“We have recognized we have made a mistake” in handling Haitians- govt minister; hints at softer approach

Last Updated on Tuesday, 13 June 2017, 22:57 by Denis Chabrol

Mark Jacobs

A government minister Tuesday evening said Guyana has made mistake in the way Haitians arriving here n route to French Guiana has been handled and he hinted that that that approach would be reversed.

Junior Minister of Social Protection, Keith Scott was at the time responding to wide-ranging concerns about the status of the Haitians by attendees at a Conversation on “WALTER RODNEY: Life, Activism, and Scholarship” to mark the 37th anniversary of his assassination at the height of a civil rebellion to oust the then Forbes Burnham-led People’s National Congress dictatorship.

“As regards the current situation, I can tell you right now as of tomorrow (Wednesday) it will change. We have recognized that we are a partner to the CARICOM (Caribbean Community) free movement of people and Haiti is part of that process , and Guyana is part of that process ….we have recognized we have made a mistake …Almost with immediate effect , there will be a change of policy towards persons who have been mistreated,” said Scott, a former member of Rodney’s Working People’s Alliance (WPA).

Several years later, he left the WPA and formed the little known National Front Alliance (NFA) that is part of the People’s National Congress Reform (PNCR)-dominated A Partnership for National Unity (APNU).

Farmer and social activist, Mark Jacobs first raised the plight of the Haitians at the Walter Rodney commemorative event held at the National Library, saying that they were being held captive merely for legally entering Guyana. He noted that a number of adults are being held under tight police security and their children elsewhere without knowing where each other is staying. “The government cannot say why they have removed these people and holding them hostage, holding their passports… These people are not being held against their will; they are not being trafficked. They paid someone to ferry them on to French Guiana. What’s the crime in that?,” he said. Jacobs said he visited one of the detainees and police arrived with a rifle and a handgun. He plans to seek legal assistance in favour of the Haitians.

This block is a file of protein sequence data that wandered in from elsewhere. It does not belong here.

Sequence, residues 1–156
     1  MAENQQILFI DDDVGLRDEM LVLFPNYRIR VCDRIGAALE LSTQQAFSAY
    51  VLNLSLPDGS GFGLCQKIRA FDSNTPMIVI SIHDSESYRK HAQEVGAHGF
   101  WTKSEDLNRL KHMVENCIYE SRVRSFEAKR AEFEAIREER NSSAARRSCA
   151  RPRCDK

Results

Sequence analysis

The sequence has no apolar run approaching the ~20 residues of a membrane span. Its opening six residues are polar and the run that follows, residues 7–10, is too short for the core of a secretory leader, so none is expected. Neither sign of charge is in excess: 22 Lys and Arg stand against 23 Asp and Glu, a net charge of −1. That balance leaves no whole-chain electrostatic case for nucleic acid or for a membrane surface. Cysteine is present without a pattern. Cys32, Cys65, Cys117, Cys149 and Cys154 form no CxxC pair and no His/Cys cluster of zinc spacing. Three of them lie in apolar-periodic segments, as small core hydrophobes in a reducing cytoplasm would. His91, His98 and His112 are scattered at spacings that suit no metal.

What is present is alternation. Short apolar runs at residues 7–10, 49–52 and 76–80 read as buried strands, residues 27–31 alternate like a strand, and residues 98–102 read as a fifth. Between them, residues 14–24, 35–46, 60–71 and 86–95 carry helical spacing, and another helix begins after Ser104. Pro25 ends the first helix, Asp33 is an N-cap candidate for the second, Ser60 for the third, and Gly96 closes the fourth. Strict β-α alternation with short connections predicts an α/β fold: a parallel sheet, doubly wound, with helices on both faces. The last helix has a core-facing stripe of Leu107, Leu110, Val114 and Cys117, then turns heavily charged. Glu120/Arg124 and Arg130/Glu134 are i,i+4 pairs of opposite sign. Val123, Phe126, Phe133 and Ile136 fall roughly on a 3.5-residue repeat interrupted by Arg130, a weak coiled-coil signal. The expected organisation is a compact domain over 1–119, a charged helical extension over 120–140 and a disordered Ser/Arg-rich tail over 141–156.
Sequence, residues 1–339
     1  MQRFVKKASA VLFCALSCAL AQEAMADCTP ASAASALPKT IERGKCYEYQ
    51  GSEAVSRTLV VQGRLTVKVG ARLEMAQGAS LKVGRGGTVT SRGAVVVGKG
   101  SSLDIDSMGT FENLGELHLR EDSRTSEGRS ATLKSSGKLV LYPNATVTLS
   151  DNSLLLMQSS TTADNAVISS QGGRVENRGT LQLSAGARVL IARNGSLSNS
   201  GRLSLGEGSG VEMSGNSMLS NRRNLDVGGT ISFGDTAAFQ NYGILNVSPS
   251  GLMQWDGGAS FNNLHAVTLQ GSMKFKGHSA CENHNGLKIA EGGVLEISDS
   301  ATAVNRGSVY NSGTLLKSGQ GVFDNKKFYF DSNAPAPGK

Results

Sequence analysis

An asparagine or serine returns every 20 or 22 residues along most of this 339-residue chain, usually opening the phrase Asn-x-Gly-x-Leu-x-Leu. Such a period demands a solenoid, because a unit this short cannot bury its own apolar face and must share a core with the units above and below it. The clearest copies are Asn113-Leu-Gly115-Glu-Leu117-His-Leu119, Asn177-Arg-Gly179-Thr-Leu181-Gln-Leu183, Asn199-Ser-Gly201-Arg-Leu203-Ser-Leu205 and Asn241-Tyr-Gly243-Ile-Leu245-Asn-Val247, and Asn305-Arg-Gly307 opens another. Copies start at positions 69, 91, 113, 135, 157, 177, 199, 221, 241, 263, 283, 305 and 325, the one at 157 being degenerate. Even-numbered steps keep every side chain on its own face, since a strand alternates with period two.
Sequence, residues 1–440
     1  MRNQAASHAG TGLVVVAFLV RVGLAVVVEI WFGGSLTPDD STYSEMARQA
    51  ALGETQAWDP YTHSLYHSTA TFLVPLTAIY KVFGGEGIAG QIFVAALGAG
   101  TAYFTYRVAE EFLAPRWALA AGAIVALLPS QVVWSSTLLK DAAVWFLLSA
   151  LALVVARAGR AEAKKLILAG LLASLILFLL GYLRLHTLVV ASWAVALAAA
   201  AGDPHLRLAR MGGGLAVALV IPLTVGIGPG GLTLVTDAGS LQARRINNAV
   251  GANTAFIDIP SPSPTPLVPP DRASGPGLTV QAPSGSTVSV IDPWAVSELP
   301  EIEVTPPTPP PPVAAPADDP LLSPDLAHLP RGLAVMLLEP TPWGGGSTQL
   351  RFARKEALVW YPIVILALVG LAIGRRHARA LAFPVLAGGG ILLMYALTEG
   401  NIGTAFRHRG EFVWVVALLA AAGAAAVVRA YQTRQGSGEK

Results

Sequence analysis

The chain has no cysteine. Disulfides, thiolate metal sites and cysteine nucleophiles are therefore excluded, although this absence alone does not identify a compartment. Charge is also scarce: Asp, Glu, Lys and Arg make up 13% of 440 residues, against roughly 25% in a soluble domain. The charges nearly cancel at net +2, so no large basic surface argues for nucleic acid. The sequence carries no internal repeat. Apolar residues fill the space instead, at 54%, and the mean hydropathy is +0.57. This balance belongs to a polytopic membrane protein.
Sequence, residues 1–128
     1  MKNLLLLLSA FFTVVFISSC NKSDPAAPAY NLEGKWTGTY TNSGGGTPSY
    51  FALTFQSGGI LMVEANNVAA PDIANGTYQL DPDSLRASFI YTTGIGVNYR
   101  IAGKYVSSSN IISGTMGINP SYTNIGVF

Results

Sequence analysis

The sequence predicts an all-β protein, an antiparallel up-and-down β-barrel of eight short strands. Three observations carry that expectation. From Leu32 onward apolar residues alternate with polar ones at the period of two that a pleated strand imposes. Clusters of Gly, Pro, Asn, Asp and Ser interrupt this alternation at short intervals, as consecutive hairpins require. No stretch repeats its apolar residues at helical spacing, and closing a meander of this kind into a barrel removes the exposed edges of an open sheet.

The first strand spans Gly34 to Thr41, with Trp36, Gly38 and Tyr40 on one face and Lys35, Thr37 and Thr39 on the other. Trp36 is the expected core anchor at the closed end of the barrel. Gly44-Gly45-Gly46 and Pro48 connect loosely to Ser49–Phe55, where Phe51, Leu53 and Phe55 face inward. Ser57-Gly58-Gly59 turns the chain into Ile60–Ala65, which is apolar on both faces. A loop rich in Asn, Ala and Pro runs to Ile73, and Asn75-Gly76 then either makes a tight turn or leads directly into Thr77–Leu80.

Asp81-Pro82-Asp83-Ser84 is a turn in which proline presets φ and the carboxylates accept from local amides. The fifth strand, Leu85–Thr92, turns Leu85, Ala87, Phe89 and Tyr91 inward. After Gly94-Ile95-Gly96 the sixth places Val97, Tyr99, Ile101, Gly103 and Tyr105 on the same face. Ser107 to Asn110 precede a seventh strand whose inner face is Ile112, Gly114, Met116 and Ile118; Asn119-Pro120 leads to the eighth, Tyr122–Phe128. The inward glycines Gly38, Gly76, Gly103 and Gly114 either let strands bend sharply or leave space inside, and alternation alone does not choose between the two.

Scott hinted at a change in government’s heart towards the Haitians one day after Minister of Immigration and Citizenship, Winston Felix said eight others, including a few children who do not have monies to pay for their return tickets. Felix has also said that eight adults and six children were ordered to return to Haiti after their return tickets were upgraded.

The Immigration and Citizenship Minister has said the decision to send back the Haitians followed a police investigation and legal advice. He has described their presence in Guyana  as being part of something similar to human trafficking, while Police Commissioner Seelall Persaud said they were part of human smuggling to other countries.

The Walter Rodney forum decided to pass a resolution and dispatch it to President David Granger “to hold the government accountable.”

Suriname last year introduced visas for Haitians after they had begun turning up in large numbers there before moving on to French Guiana which also shares strong historical ties to France.